In this work, we developed novel chemistry that enables attachment of β-eliminative linkers to TLZ to form long-acting PEG∼TLZ prodrugs, characterized several such conjugates and determined the pharmacokinetics and antitumor activity of one of them. We report that a single injection of the PEG40kDa∼TLZ provides durable, long-lasting antitumor effects in HRR-defective mouse xenografts persisting a month or more. We posit explanations for the remarkable effects of this prodrug. Finally, we modeled the pharmacokinetics of PEG∼TLZ conjugates in humans, and propose a prodrug that could be dosed every two weeks to continuously maintain TLZ at a concentration within its known therapeutic window.
Materials and Methods
Detailed descriptions of materials and procedures used for syntheses, pharmacokinetic studies, and tumor xenograft experiments are presented in the Supplementary Information.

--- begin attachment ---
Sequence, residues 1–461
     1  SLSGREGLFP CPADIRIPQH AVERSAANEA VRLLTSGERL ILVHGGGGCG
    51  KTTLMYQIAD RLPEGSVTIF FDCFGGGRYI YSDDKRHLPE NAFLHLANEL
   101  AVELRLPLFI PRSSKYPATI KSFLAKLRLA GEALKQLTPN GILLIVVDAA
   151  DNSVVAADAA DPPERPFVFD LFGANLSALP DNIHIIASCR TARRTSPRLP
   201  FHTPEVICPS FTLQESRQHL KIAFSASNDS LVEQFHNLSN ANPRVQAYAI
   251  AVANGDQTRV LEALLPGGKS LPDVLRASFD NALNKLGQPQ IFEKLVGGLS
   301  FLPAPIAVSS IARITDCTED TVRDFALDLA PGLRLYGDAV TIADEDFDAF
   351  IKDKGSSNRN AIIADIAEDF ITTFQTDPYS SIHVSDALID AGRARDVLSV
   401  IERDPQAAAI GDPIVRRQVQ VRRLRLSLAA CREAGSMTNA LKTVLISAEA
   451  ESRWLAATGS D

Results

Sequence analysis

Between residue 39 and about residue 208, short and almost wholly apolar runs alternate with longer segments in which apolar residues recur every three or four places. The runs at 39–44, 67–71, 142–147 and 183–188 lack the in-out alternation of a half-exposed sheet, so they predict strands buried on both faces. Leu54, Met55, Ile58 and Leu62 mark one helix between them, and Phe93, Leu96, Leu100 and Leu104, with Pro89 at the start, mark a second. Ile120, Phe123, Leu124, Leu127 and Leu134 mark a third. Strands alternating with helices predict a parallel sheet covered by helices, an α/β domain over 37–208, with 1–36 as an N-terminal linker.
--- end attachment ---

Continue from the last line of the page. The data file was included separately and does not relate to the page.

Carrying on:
PEG40kDa-[NH2]4 was purchased from NOF America (Sunbright PTE-400PA) and TLZ was from ApexBio or MedKoo. Other purchased chemicals were of the highest purity available from commercial sources, and used without further purification.
Synthesis of linkers, connection of linkers to TLZ or olaparib, and coupling of linker–PARPi conjugates to PEG followed general approaches (17), and full details of syntheses are provided in the Supplementary Information. The identity and purity of entities were verified by HPLC and, where appropriate, NMR and LC/MS. Synthesis of PEG40kDa∼(TLZ)3DFB and chelation to 89Zr used a slight modification of the method described for the related PEG40kDa∼ (SN-38)3DFB conjugate (18).
In vitro drug release kinetics